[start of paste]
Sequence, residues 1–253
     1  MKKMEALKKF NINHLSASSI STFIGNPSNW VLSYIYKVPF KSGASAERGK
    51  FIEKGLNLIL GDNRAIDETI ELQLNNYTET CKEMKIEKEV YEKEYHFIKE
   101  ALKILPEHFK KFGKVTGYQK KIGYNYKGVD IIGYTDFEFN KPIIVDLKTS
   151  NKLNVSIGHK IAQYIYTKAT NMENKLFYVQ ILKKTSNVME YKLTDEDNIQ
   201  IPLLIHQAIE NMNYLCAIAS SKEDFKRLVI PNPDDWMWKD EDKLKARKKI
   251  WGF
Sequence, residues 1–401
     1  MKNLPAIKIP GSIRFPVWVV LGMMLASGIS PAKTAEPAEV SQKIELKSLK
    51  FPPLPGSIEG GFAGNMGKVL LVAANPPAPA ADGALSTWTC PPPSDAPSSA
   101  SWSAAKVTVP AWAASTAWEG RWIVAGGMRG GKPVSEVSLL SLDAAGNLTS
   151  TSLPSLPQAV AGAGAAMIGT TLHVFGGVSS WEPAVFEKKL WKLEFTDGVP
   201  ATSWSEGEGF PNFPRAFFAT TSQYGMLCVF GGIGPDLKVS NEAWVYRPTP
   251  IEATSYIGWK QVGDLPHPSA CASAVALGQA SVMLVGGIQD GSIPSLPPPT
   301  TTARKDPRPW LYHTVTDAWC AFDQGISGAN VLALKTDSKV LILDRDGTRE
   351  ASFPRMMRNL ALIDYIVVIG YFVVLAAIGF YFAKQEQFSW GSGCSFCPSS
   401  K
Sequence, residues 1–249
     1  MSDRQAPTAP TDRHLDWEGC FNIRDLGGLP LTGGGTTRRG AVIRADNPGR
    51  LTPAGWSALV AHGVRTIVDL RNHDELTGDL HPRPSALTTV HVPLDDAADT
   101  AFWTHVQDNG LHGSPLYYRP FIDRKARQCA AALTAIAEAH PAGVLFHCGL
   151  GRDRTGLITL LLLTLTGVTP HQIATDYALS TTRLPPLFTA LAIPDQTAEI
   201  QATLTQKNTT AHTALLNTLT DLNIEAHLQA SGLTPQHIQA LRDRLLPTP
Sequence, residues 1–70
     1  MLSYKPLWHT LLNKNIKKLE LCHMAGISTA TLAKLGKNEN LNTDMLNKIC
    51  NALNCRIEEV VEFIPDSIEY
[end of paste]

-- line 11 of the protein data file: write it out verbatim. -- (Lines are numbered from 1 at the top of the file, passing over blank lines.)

   101  SWSAAKVTVP AWAASTAWEG RWIVAGGMRG GKPVSEVSLL SLDAAGNLTS